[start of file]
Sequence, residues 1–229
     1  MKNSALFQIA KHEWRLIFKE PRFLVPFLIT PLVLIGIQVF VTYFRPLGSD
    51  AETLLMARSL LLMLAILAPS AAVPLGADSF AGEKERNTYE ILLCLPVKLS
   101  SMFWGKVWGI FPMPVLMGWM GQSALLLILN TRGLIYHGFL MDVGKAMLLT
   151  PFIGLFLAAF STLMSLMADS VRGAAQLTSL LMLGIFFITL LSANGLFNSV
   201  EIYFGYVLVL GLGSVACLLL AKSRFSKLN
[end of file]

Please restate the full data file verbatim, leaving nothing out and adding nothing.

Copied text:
Sequence, residues 1–229
     1  MKNSALFQIA KHEWRLIFKE PRFLVPFLIT PLVLIGIQVF VTYFRPLGSD
    51  AETLLMARSL LLMLAILAPS AAVPLGADSF AGEKERNTYE ILLCLPVKLS
   101  SMFWGKVWGI FPMPVLMGWM GQSALLLILN TRGLIYHGFL MDVGKAMLLT
   151  PFIGLFLAAF STLMSLMADS VRGAAQLTSL LMLGIFFITL LSANGLFNSV
   201  EIYFGYVLVL GLGSVACLLL AKSRFSKLN